On another occasion, in 1878, the Waipa and Opawa left the English Channel almost together, the former under the command of Captain Gorn and the latter under Captain Triston. the Waipa sailed from London on August 30, and cleared the land on September 6. the Opawa left London on August 29, and called at Plymouth, leaving that port on September 7, so the Waipa had at least one clear day's start. Both vessels experienced light north-east winds until September 26, when the Opawa overhauled and passed the Waipa. Light baffling airs prevailed, and the two ships were in company for three days. the Opawa crossed the Equator on the 6th and the Waipa on the 7th of October. Fine weather, with light winds, generally, was experienced in the Southern Ocean, and the Opawa sighted the Snares on November 30. From this until arrival at Lyttelton she experienced head winds, with fog and rain up the coast, and arrived on December 7. the Waipa, which was bound for Port Chalmers, sighted Dog Island on December 7, and arrived on December 11.

the Waipa was engaged in the New Zealand trade from 1875 until 1893, when she was sold to a Norwegian firm, and is, I believe, still afloat under the name of Munter.

Captain Gorn commanded the Waipa for five years, and on his last trip in 1883, died when off the Cape of Good Hope. The ship was brought on by the chief officer, Mr. Baxter.

the Waipa on one occasion, after loading a cargo at Picton and Wellington, made a fine run of 84 days to New York, under Captain Silba.

Captain Norbury, for many years with the Northern Steamship Company, Auckland, came out in the Waipa as an A.B. on her first trip, arriving at Wellington in April, 1876.

page 263

An Over-Christened Babe.

Some queer names were fastened on innocent children during the Boer war, and again during the last conflict, but it is extremely doubtful if one small head had to bear so many and so strange appellations as an infant whose first cradle was the deep, and whose birthplace was the cabin of the ship Waipa. Mr. Houghton, until recently manager of the New Zealand Shipping Co., who tells the story says the string of names made such an impression on him that it has been impossible for him to forget. Captain Gorn was master on the Waipa at the time, and when he arrived at Auckland he was duly questioned for particulars, that would enable the shipping office to fill in the usual Board of Trade forms. Yes, there had been one birth, and when asked for the name he reeled off a list almost as long as the dinghy's painter. "Cyclone Four Bells Cape Dove Gorn Bendall Waipa—."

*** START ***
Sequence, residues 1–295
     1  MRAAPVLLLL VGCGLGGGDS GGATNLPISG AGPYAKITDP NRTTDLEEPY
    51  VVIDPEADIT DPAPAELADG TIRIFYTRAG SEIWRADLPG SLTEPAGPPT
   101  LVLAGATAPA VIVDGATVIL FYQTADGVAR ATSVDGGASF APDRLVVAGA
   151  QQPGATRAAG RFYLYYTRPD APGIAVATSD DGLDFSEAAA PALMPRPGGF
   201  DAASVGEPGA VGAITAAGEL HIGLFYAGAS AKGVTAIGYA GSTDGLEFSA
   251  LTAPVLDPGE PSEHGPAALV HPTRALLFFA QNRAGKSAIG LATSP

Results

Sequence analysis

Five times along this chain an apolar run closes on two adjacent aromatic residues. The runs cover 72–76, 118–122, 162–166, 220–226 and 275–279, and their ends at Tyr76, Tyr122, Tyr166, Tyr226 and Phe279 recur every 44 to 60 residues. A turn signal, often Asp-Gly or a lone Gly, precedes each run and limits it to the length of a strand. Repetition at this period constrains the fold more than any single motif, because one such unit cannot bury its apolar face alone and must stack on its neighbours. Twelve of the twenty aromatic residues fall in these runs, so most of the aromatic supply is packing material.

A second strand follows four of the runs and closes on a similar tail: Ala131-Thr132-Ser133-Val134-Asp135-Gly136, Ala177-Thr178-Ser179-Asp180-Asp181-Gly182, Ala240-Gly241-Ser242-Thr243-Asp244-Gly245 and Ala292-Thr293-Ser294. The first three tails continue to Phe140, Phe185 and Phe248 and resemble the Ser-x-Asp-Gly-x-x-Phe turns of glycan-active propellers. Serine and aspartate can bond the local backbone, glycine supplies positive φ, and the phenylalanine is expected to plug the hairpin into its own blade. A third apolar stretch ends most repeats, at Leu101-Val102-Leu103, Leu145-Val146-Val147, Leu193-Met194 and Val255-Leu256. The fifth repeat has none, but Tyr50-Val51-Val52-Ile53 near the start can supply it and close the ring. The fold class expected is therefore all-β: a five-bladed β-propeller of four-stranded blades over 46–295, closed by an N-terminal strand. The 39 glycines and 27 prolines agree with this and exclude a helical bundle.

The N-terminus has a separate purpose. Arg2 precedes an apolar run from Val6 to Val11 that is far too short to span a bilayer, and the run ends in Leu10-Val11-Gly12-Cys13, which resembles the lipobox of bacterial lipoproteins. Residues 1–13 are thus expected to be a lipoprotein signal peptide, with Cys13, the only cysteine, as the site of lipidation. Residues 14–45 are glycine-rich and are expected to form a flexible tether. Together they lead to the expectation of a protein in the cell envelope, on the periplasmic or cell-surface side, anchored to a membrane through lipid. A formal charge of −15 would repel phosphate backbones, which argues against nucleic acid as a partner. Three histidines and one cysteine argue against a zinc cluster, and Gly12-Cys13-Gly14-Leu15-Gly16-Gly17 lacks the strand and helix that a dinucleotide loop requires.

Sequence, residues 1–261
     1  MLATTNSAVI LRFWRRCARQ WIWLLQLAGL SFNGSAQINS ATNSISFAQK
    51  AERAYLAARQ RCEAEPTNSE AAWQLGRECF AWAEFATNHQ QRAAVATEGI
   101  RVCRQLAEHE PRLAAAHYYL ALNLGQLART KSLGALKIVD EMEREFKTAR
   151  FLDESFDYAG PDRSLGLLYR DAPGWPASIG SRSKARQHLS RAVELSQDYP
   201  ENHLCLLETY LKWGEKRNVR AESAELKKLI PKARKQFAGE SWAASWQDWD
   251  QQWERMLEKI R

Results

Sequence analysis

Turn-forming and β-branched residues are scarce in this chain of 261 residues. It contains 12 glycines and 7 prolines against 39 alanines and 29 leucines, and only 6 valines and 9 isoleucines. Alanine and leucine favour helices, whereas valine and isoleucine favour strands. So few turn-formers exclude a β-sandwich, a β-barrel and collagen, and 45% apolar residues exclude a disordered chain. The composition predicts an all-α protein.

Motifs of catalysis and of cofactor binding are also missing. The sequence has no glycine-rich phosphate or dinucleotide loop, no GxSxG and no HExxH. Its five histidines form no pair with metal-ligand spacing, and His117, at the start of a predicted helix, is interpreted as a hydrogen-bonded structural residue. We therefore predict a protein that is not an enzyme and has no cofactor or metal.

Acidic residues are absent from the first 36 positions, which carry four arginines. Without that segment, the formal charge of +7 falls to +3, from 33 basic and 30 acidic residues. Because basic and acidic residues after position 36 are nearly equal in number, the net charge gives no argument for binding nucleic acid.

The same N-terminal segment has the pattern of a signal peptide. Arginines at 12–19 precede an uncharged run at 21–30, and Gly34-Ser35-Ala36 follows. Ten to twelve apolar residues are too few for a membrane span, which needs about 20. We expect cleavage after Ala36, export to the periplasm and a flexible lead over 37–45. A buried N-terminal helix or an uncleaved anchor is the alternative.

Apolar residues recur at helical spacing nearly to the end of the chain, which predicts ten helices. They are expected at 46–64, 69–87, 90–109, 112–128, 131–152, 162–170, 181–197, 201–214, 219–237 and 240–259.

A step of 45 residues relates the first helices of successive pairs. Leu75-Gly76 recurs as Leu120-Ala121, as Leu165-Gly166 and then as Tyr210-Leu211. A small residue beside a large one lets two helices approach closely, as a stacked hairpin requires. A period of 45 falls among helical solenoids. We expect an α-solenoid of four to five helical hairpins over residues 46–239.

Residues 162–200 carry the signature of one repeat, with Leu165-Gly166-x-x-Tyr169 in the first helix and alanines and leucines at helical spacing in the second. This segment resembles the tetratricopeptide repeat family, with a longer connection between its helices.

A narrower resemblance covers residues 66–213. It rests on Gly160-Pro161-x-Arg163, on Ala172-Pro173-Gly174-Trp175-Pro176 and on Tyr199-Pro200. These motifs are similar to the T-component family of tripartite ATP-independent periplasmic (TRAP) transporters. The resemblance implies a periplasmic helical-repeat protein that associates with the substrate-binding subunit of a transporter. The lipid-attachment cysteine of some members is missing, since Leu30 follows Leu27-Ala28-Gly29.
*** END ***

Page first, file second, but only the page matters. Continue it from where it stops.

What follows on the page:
And in spite of the fact that the skipper and all others concerned were humane people, this unresisting and helpless child had these things fastened upon it for life, the crime being duly entered on the Board of Trade return. The explanation of the names (but not of the mental condition of a mother that could so handicap her offspring) was that the child was born in a cyclone at four bells off Cape Dove. The other names explain themselves, and it only remains to say that Bendall was the name of the ship's doctor. I expect she was called "Psyche," for short.

Here follow the records of the outward passages made by the Waipa.

To Wellington.
Sailed. Arrived. Captain. Days.
Dec. 17, '75 Apr. 2, '76 Seaborn 106
July 19 Nov. 11, '89 Forsdick 115
To Lyttelton.
Oct. 27, '76 Jan. 24, '77 Millman 89
April 29 July 30, '81 Gorn 92
Feb. 11 May 27, '82 Baxter 105
Jan. 28 May 17, '83 Baxter 109
Sep. 3 Dec. 17, '84 Jamieson 104
July 5 Oct. 23, '90 Forsdick 91
* Jan. 30, '94 Silba 97
To Port Chalmers.
Aug. 26 Nov. 21, '77 Gorn 87
Aug. 30 Dec. 11, '78 Gorn 102
July 30 Oct. 31, '79 Gorn 92
Land to land 82
July 26 Oct. 25, '80 Gorn 90
Land to land 86
Nov. 30, '83 Mar. 3, '84 Jamieson 94
July 4 Oct. 13, '85 Jamieson 101
Aug. 5 Nov. 4, '87 Forsdick 90
Aug. 5 Nov. 2, '88 Forsdick 88
May 6 Aug. 5, '91 Forsdick 89
Oct. 22,'92 Feb. 2, '93 Silba 101

* New York, via Port Chalmers.

From Plymouth, the others being from London.